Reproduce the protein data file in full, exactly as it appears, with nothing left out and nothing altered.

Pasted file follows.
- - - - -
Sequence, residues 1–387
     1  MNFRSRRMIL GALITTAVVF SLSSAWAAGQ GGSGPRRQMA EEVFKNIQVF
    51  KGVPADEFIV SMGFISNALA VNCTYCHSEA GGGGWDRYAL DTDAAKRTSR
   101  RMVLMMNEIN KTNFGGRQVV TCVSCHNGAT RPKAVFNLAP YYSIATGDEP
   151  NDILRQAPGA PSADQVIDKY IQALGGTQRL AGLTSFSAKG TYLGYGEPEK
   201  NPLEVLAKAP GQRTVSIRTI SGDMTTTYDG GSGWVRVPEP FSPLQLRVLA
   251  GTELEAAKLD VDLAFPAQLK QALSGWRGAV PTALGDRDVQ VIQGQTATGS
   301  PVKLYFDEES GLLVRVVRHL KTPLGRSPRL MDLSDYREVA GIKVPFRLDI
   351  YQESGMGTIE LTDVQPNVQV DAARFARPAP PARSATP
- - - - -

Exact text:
Sequence, residues 1–387
     1  MNFRSRRMIL GALITTAVVF SLSSAWAAGQ GGSGPRRQMA EEVFKNIQVF
    51  KGVPADEFIV SMGFISNALA VNCTYCHSEA GGGGWDRYAL DTDAAKRTSR
   101  RMVLMMNEIN KTNFGGRQVV TCVSCHNGAT RPKAVFNLAP YYSIATGDEP
   151  NDILRQAPGA PSADQVIDKY IQALGGTQRL AGLTSFSAKG TYLGYGEPEK
   201  NPLEVLAKAP GQRTVSIRTI SGDMTTTYDG GSGWVRVPEP FSPLQLRVLA
   251  GTELEAAKLD VDLAFPAQLK QALSGWRGAV PTALGDRDVQ VIQGQTATGS
   301  PVKLYFDEES GLLVRVVRHL KTPLGRSPRL MDLSDYREVA GIKVPFRLDI
   351  YQESGMGTIE LTDVQPNVQV DAARFARPAP PARSATP